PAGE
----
I have never done a systematic study of the Lord's Prayer, but I was struck by some comments made by Dr. Pius Parsch in his classic study The Liturgy of the Mass. He described the logical relationship between the seven petitions of the Our Father in a way that made me realize for the first time that the petitions are not a random series, but in fact are related to each other. Also, although he doesn't emphasize this, a Eucharistic interpretation is quite possible.
What he points out is that of the seven petitions the first three reflect, in reverse temporal order, the purpose of the life of man and the last three represent, in reverse temporal order, those things that are detrimental to the fulfillment of a truly human life. The logic of the first three petitions goes from 1) doing God's will, which 2) accomplishes the coming of His kingdom, which then 3) gives glory, honor (hallows) His name. The three barriers to achieving this are 1) our sins (trespasses, debts), 2) temptations, and 3) the Evil One (which is how πονηροῦ is often translated). This moves from the Evil One to temptation to sin! Note that the first word in the prayer is "Father." The "our" comes after "father" in the Greek. The last word is "The Evil One." Also note, as Parsch did, the two "as" statements in the third and fifth petitions, enhance the sense of a diptych around the central, fourth, petition.
The middle petition, for daily bread, is clearly highlighted by this structure. It reflects our desire to have what we need now on earth to fulfill our humanity. Logically, this is grace, but in fact it is a prayer for bread. Parsch doesn't put a particularly Eucharistic spin on this petition, but that has been done in the tradition, especially those, such as St. Jerome, who have translated the petition as "Give us this day our supersubstantial bread." (See this article by Fr. Benjamin Reese for a linguistic justification of this translation; as it turns out the word appears nowhere else in Greek.) What is it that helps us 1) to fulfill our humanity, the first three petitions, and 2) to avoid those things which are barriers to that fulfillment, the last three petitions? The Eucharistic Bread of Life!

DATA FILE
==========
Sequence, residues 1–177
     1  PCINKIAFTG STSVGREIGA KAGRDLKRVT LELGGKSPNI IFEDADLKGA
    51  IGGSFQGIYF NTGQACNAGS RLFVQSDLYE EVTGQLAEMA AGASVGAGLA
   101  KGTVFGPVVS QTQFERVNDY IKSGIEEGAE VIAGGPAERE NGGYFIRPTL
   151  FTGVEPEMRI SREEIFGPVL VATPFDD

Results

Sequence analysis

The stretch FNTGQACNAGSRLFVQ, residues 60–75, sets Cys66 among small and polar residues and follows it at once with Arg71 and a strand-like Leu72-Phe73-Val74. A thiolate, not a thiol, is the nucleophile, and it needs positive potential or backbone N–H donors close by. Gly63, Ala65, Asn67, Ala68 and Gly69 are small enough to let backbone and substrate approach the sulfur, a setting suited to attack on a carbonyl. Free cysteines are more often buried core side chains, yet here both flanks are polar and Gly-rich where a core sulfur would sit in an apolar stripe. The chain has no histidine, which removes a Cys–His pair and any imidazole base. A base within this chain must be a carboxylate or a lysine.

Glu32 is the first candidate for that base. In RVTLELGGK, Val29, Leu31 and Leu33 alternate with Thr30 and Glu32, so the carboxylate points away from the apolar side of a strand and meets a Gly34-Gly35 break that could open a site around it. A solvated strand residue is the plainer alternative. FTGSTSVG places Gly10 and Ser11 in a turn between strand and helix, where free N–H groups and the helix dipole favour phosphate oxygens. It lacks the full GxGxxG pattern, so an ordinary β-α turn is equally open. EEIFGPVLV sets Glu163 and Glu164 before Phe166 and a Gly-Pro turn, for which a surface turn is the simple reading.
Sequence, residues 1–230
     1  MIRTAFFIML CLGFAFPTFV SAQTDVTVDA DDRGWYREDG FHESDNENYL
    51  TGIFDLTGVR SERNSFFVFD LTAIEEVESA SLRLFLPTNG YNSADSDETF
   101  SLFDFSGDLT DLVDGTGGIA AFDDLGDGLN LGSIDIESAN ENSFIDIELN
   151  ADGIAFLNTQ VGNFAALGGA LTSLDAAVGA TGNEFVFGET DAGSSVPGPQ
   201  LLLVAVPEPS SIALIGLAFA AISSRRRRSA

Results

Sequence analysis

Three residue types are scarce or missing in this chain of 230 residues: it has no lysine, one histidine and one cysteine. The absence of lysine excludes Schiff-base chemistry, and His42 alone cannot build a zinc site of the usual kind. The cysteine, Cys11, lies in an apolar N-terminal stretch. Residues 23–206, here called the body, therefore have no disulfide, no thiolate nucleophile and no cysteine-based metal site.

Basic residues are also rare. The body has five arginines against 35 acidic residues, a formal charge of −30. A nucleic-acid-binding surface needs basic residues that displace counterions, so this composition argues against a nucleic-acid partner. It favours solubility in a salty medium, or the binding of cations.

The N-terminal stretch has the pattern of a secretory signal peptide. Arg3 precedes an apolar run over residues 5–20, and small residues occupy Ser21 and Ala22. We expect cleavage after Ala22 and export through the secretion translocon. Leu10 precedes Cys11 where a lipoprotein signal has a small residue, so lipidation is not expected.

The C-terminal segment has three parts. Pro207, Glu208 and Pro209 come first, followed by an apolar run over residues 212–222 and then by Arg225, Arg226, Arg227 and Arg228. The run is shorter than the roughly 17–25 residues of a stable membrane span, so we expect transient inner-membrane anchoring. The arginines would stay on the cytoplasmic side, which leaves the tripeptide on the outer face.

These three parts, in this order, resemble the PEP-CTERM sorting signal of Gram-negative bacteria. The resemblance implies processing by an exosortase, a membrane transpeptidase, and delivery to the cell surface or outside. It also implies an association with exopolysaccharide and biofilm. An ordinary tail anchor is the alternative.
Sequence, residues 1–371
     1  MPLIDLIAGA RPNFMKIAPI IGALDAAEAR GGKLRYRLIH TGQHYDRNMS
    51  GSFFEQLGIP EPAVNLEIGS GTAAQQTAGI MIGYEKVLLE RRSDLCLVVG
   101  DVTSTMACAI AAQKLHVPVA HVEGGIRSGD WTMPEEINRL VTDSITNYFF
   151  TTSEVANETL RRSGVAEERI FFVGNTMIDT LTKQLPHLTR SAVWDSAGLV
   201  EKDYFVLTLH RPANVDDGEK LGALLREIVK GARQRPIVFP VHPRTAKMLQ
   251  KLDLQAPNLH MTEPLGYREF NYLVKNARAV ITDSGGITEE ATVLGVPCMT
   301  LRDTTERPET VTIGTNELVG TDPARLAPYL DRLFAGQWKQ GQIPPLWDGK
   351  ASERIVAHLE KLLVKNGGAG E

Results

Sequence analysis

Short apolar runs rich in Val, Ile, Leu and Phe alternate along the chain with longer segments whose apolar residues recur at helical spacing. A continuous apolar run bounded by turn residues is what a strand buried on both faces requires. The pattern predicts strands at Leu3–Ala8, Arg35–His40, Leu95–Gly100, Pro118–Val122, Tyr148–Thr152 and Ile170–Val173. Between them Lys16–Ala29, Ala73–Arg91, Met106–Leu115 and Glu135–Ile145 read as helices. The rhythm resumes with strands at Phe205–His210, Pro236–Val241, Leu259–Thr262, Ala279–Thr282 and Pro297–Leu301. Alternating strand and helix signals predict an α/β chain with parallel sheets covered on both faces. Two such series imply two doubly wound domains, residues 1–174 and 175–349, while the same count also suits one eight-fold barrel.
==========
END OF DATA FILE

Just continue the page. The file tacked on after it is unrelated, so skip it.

For the early Christians bread already had a significance beyond physical sustenance. First of all, it had a social significance in the ancient Mediterranean cultures. Witness, for instance, the word "companion," which helps us remember that sharing bread is a component of partaking of bread. "As this broken bread was scattered upon the mountains, but was brought together and became one, so let thy Church be gathered together from the ends of the earth into thy kingdom, for thine is the glory and the power through Jesus Christ for ever." (Didache 9:4). Further, of course, bread has a spiritual, Eucharistic significance.
The prayer clearly lays out the fundamental spiritual dynamic of human existence. We are stuck in the spiral of sin. The only way to get beyond that spiral to the movement of grace towards God is through the Word Incarnate become the Bread of Life. There is a movement down and a movement up. It is no mistake that the Lord's Prayer appears where it does in the Liturgy, right after the consecration and at the head of the Communion Rite.
This is not a fanciful, "spiritual" interpretation imposed upon the text from later reflection. It reflects the logic of the text itself. This prayer was clearly composed very carefully, which does not itself call into question its dominical origin . If John of the Cross can so carefully compose spiritual poetry in a dark prison, our Lord could certainly have composed this prayer while spending those hours at night in prayer. It would be a spiritual masterpiece, even if it weren't dominical.
I don't always agree with Parsch's interpretation of the liturgy. He falls victim to the archaistic dismissal of medieval developments that Cardinal Ratzinger criticized in The Spirit of the Liturgy. On the other hand, this book can be very insightful and spiritually upbuilding.